"They took Jesus with them in the boat...A great windstorm arose, and the waves beat into the boat, so that the boat was already being swamped. But Jesus was in the stern, asleep on the cushion; and they woke him up and said to him, 'Teacher, do you not care that we are perishing?' He woke up and rebuked the wind, and said to the sea, 'Peace! Be still!' Then the wind ceased, and there was a dead calm. He said to them, 'Why are you afraid? Have you still no faith?'" --Mark 4:36-41
"The opposite of love is not hate. The opposite of love is fear." --Henri Nouwen
When it happens to me, it's usually late in the evening. That's when I am most vulnerable because that's when I am most weary. Fear will creep into my consciousness. I'll quietly go into my daughter's room to give her a kiss before I go to bed, and as I look at her I'll feel the weight of my responsibility to her--to keep her safe, fed, clothed, cared for. And then the "what ifs" will hit. "What if something happens to me? What if something happens to her? What if there isn't enough? What if.. What if... What if..." And the cold fingers of fear will tighten around my heart. (OK, please know that just as often I feel an overwhelming sense of gratitude for the gift she is!) Other times I'll lie in bed, staring into the darkness, and worry about the future or finances or any other number of things. And again, fear creeps into my heart.
I imagine a psychotherapist would have a field day with what I've just written, but I've been thinking about the times I feel afraid and what happens to me when I do. Suddenly, everything becomes about me. Fear is an important defense mechanism, but there are times when it crosses a line into a kind of ego-centrism. My fear can blind me to the needs of others because I'm too preoccupied with my own worries. When fear dominates my heart, I may not realize that Jesus is right there by my side, in the boat with me, in the middle of the storm--whether it is real or imagined. Fear is like a clenched fist that is not open to others.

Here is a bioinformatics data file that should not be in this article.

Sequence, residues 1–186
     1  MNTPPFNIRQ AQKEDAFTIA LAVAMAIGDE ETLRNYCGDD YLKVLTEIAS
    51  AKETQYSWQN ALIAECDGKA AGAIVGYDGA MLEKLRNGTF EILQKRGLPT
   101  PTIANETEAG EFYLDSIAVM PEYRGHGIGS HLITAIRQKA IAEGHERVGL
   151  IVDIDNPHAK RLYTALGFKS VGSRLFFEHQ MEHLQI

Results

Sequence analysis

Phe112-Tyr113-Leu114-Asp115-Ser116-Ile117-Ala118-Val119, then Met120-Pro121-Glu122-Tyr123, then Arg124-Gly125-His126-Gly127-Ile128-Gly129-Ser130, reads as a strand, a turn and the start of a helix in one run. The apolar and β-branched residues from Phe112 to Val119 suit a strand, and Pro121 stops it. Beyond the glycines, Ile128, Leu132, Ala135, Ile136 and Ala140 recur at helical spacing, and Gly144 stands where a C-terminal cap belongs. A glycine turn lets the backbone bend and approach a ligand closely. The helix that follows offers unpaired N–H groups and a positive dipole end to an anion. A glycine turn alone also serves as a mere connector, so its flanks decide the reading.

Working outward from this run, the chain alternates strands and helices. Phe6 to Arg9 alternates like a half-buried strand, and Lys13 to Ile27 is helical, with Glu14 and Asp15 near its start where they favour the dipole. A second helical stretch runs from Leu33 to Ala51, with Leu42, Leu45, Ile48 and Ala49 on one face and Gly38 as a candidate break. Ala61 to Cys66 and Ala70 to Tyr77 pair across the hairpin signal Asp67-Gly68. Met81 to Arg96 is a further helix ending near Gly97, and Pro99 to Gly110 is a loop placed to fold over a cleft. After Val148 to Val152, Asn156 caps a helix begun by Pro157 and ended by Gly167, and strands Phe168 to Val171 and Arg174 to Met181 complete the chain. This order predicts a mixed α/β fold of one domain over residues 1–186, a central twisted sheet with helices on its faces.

I've been thinking about fear lately--and reflecting on my own experience of it--because there has been a spike in fear mongering in our country lately. All of the shouting about proposals to reform health care in our country have given rise to rhetoric meant to elicit fear: "The government wants to kill grandma!" or "You'll have to wait in line for years to see the doctor!" among others. When fear is running high, it's nearly impossible to pry our eyes away from ourselves to see the big picture, to see the need around us, to open our hands to share with others.
Jesus asks, "Why are you afraid?" That's a question worth deeply pondering. Because becoming aware of our fear is the first step in overcoming our fear. And overcoming our fear does not mean getting rid of it, but trusting that no matter what happens, our lives unfold within the love and grace of God revealed to us in Jesus Christ.
Prayer: Caring God, when I feel afraid, help me to place it in your hands trusting in your goodness and your mercy. Amen.